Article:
Critical Changes Needed to Transform the Student Experience for Non-Traditional Learners
There are myriad challenges that millions of students are confronted with when attempting to pursue higher education to ensure their future success. This is something I have become very aware of having worked closely with students over the past decade. Below is a list of what I believe are the most important changes that colleges need to make in order to attract and engage the non-traditional student.
Improved Use of Technology
Technology presents an ever changing tapestry that higher academic institutions must fully embrace and understand in order to meet the needs of the non-traditional student. Today, the higher education student is not exclusively an 18-year-old fresh out of high school. There are single moms and single dads, military personnel, professionals working full time in the corporate sector and, of course, retired individuals pursuing the degrees they have always desired and the credentials they need.
Technology is the one vehicle that allows each of the above non-traditional students to pursue higher education without having to be in the classroom. Technology provides the convenience and flexibility needed to meet the ever changing day-to-day structures for these students because it allows them the opportunity to pursue their education on a schedule that works for their life. Online classes have now become the norm for the working single mom or the working professional who simply doesn’t have the time or energy to travel to and from a classroom in order to obtain their degree. It allows them to complete course work independent of a traditional classroom structure, while still providing the support needed to ensure their success.
While technical tools and systems can present huge costs both to implement and maintain, they are necessary factors when seeking to serve the non-traditional students.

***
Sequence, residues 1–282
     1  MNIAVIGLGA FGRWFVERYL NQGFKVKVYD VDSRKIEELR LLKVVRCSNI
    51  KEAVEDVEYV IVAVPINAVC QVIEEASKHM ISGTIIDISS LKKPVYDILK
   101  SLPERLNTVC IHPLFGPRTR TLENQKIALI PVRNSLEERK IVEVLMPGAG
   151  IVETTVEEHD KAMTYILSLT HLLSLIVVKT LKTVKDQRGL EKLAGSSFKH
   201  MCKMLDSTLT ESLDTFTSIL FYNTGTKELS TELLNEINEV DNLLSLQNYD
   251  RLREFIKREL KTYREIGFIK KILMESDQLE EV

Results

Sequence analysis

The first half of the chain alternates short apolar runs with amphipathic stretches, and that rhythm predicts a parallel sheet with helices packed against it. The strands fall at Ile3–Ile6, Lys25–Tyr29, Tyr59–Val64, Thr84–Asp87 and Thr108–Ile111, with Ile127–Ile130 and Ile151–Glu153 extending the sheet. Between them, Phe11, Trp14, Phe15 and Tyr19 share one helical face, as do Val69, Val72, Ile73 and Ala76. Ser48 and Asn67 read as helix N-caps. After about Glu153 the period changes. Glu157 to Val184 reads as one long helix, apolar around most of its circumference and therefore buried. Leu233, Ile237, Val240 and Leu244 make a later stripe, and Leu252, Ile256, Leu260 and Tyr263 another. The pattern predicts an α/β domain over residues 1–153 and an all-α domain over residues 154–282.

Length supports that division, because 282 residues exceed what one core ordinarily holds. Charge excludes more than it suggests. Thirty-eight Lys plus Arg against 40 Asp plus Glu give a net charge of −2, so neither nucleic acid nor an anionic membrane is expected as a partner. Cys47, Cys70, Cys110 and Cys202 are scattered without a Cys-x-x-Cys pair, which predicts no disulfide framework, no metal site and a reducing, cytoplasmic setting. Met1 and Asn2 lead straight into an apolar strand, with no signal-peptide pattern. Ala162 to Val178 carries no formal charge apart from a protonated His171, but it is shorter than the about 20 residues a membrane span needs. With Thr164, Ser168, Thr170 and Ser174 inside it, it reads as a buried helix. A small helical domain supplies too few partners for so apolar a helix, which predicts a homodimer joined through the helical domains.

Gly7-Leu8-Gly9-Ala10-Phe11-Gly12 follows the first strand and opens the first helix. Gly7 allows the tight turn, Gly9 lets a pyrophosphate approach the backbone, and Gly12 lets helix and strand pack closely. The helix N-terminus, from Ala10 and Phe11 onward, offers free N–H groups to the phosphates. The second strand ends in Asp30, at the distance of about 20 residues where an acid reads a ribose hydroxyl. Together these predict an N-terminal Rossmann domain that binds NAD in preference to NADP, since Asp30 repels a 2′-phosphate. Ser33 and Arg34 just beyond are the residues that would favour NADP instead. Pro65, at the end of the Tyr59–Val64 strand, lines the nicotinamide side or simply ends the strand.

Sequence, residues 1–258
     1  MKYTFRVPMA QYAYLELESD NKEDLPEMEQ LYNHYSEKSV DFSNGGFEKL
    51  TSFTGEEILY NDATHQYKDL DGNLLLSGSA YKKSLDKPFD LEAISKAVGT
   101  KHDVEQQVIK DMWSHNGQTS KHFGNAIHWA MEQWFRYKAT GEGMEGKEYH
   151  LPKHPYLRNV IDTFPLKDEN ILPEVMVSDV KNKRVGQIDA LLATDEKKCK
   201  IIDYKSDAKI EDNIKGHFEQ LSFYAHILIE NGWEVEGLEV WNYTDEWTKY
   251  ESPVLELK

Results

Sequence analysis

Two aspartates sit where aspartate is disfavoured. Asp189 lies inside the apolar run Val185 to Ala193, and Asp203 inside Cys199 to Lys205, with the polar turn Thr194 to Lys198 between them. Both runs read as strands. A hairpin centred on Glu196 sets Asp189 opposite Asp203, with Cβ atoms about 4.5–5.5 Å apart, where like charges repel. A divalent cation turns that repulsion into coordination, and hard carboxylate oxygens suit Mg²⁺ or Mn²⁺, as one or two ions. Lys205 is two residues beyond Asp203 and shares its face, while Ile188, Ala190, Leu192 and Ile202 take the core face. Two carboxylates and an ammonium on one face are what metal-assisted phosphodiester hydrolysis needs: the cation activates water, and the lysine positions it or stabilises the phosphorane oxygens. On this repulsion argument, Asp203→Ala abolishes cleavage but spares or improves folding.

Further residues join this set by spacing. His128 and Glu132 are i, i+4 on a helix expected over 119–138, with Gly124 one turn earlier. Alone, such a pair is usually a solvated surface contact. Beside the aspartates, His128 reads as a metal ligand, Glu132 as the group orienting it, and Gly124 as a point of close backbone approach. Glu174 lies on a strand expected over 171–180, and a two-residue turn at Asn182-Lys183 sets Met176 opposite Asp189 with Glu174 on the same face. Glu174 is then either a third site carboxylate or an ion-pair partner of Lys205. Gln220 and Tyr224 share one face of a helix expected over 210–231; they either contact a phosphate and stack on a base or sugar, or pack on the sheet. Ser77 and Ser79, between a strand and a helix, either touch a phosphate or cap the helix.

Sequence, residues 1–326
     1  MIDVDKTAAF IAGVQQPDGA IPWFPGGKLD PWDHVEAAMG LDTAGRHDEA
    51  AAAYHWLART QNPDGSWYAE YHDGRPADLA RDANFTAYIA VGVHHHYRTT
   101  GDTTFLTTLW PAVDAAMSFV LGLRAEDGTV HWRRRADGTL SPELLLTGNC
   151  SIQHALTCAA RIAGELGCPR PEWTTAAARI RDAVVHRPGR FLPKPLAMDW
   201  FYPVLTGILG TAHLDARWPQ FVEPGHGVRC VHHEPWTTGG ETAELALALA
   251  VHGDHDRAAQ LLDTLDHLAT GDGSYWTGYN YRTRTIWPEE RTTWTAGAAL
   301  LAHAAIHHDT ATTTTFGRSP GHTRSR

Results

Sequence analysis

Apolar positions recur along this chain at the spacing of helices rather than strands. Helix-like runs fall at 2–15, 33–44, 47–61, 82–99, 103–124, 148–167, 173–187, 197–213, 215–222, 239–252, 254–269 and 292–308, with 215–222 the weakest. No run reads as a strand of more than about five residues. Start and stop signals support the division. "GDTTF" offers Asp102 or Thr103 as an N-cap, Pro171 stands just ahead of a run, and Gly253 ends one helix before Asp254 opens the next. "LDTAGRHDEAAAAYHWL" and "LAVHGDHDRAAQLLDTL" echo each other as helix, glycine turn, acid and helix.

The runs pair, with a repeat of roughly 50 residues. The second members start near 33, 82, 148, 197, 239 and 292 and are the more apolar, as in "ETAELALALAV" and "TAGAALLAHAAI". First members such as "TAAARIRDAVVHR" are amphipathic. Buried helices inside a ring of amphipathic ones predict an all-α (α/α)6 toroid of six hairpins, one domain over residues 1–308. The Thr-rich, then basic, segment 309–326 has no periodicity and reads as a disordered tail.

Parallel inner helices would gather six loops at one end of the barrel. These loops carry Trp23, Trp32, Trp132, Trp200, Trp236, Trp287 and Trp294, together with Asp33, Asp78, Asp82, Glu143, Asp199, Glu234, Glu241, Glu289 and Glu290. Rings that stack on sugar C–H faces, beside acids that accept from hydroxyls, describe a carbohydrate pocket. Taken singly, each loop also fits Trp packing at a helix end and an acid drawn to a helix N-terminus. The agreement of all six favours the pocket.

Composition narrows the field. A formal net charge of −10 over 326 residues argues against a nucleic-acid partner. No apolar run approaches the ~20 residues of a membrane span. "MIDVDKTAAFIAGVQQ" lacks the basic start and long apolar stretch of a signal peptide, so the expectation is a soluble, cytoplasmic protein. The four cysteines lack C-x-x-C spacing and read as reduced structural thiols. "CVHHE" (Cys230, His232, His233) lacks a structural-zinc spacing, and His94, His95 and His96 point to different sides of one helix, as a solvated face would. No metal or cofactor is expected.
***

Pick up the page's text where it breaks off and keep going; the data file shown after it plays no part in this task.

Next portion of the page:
Wider Array of Credentials and Programming
Certificate programs are another area that higher education institutions must focus on improving and expanding. The non-traditional student does not always seek a full degree for a multitude of reasons. For example, non-traditional students can pursue certificates focused on specific industries that provide them the training necessary to obtain skilled and viable long-term employment—they don’t necessarily need an undergraduate or master’s degree to accomplish this. These programs typically fall under the workforce and continuing education department. With a continuously challenged economy and fluctuating employment statistics, colleges should offer a plethora of diverse certificate programs as a creative way to meet the needs of a diverse and non-traditional student population.
The rising cost of education should encourage college to consider offering program curricula and certificate programs that will prepare individuals for the world of entrepreneurship. Starting and operating your own company is one way that the college culture can support and encourage individuals to pursue careers that they feel passionately about, with the end goal of owning their own business. This also allows the non-traditional student to understand the capacity of becoming an employer versus the existing culture of simply becoming a career employee.
More Available Services for Students
Some courses are simply unable to be put online, either because of the specific subject matter and demands of the program or because the institution doesn’t have the resources available to invest in high-quality online programming. These institutions should consider providing support services such as childcare for parents who must take a course to complete a degree that is only offered on campus. While there are many aspects of such a move that must be researched and analyzed, this could be another way to support the non-traditional student.
Lower Costs and Employment Support
Cost is always a concern for any student. Colleges must do everything possible to ensure that the cost of education is affordable. This will encourage students to attend and complete degree programs. Career counseling and assistance is also another venue to review. As college graduates are consistently challenged with obtaining employment, so colleges must do everything to collaborate with the private and government sector to facilitate and assist students with becoming gainfully employed upon the completion of a degree or certificate program.
Author Perspective: Administrator
Author Perspective: Community College